As a new academic year gets underway on many campuses, it’s a good time to ask: What’s the purpose of school? Is it education, or indoctrination?
More and more, sadly, it’s the latter. We like to think of our universities in picturesque terms — bastions of open learning and scholarly debate where one pursues truth, no matter where the search may lead. But while this Norman Rockwell vision may have been an exaggeration in years past, today it’s sheer fantasy on many campuses.
Those who dare to air a view that flouts the politically correct line on hot-button topics such as race, marriage and immigration are virtually taking their lives into their hands. They aren’t met with spirited disagreement. No, they’re shouted down. They’re threatened. They’re attacked, both verbally and physically, by shrieking mobs.
Debate is out. Denigration is in.
It’s not just the violent protests that have erupted at, say, the University of California, Berkeley over Ann Coulter and Ben Shapiro that should concern us. It’s the growing list of speakers who are uninvited. It’s the professors who censor themselves to avoid the wrath of the PC thugs.
“Students are being silenced as well,” writes Rep. Jim Jordan, Ohio Republican. “What sometimes starts with ‘trigger warnings’ and ‘safe spaces’ evolves into Oregon University establishing a ‘bias response team’ where students are encouraged to report anything that makes them uncomfortable, in order that the university may start an investigation and attempt to ‘eliminate’ the controversial topic.”
With good reason does Mr. Jordan label this “Orwellian.”
The problem has grown so bad that last fall, John Ellison, dean of students at the University of Chicago, felt it necessary to write a letter to incoming freshmen — a letter putting them on notice that the school was bucking the trend.
“Our commitment to academic freedom means that we do not support so-called trigger warnings, we do not cancel invited speakers because their topics might prove controversial and we do not condone the creation of intellectual safe spaces where individuals can retreat from ideas and perspectives at odds with their own,” Mr. Ellison wrote.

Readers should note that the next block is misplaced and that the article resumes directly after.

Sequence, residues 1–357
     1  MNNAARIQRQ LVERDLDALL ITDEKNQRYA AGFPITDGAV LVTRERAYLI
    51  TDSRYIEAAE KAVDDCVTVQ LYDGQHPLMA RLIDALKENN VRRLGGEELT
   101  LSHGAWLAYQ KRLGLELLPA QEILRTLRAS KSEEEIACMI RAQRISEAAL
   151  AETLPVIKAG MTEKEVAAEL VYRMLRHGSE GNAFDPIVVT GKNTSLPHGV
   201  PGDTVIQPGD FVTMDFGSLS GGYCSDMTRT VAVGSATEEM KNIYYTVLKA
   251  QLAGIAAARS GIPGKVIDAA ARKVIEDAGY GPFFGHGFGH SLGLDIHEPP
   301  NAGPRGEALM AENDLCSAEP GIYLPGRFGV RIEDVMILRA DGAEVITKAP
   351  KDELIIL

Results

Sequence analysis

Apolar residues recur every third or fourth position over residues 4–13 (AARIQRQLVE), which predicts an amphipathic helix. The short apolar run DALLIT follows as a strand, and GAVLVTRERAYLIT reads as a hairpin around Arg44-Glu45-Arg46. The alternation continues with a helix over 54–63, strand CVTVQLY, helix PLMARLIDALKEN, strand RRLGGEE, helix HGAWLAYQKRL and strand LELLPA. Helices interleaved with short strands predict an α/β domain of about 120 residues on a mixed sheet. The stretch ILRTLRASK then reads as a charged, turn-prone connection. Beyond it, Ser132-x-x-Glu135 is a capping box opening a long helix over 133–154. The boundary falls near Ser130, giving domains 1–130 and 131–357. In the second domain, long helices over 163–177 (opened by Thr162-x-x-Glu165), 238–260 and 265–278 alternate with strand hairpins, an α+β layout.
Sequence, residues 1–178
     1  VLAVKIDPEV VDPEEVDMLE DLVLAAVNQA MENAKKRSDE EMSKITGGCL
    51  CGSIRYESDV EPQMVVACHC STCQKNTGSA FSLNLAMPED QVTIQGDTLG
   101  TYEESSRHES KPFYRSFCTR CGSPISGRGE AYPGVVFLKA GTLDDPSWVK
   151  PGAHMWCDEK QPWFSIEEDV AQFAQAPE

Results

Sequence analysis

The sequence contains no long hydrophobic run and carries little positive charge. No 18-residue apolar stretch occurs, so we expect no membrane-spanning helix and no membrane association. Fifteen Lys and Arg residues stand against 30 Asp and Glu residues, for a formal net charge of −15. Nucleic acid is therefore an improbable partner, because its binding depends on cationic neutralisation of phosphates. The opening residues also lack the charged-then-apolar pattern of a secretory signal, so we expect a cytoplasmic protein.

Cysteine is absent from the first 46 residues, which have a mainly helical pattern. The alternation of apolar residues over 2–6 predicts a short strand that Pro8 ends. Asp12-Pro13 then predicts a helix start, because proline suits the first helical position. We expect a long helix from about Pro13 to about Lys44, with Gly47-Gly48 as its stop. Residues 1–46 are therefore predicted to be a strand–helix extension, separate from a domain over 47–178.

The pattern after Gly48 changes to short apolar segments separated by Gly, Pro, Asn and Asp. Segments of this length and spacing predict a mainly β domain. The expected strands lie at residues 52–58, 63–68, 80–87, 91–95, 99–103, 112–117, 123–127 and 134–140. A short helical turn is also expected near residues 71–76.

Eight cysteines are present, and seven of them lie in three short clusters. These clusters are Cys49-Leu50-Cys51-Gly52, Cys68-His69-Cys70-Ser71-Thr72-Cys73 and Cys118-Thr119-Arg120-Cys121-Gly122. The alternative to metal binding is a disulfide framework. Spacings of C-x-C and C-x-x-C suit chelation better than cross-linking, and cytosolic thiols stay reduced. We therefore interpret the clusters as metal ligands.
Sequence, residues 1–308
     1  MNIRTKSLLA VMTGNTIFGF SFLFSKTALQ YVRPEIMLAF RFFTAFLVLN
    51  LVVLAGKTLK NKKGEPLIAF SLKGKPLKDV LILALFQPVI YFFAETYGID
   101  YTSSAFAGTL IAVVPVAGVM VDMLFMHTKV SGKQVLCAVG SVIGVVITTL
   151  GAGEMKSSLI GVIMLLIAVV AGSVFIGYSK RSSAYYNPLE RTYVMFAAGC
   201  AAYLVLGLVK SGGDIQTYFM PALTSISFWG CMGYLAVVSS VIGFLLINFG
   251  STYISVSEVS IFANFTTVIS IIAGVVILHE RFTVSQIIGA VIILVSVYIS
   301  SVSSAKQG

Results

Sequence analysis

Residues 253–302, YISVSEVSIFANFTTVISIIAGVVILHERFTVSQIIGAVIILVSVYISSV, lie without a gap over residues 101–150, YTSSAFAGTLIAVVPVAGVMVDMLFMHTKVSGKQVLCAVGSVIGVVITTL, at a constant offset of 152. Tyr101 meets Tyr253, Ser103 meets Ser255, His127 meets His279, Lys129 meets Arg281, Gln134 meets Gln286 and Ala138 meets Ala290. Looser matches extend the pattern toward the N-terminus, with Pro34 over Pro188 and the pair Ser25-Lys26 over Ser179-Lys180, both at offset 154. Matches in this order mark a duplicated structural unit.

Imagine — a major university reaffirming a commitment to academic freedom. But that’s the state of so-called “higher education” today, when many colleges have become little more than outrageously overpriced day care centers.
Small wonder that the real travesty is how ill-equipped these students will be to defend their beliefs once they’ve exited the warm confines of their protective bubbles. Steeped in these rabidly PC environments, they resemble not trained thinkers, but hothouse orchids unable to withstand the cold breeze of opposition.
This represents a complete inversion of the original purpose of a university. “The function of education is to teach one to think intensively and to think critically,” Martin Luther King Jr. once wrote. The stifling, choking cloud of political correctness that envelops so many schools today, however, turns students not into independent, well-trained thinkers, but into sponges who mindlessly absorb whatever propaganda they’re fed.
And the ramifications of this state of affairs stretch beyond the university. Ultimately, they affect all of us. “When universities suppress speech, they not only damage freedom today, they establish and push norms harmful to democracy going forward,” writes Sen. Chuck Grassley, Iowa Republican. “These restrictions may cause and exacerbate the political polarization that is so widely lamented in our society.” So if you’ve deplored the violent protests that have cropped up in the last month or so, know that our universities have played a role in fostering such intolerance.
Hats off, then, to Princeton professor Robbie George, and Harvard professor Cornel West, who recently put their differences aside to issue a helpful joint statement. “All of us should seek respectfully to engage with people who challenge our views,” they write. “And we should oppose efforts to silence those with whom we disagree.”
Let’s hope more college officials join those who have begun to question the left’s death grip on academia — and fight to restore free speech to our nation’s campuses.
This piece originally appeared in The Washington Times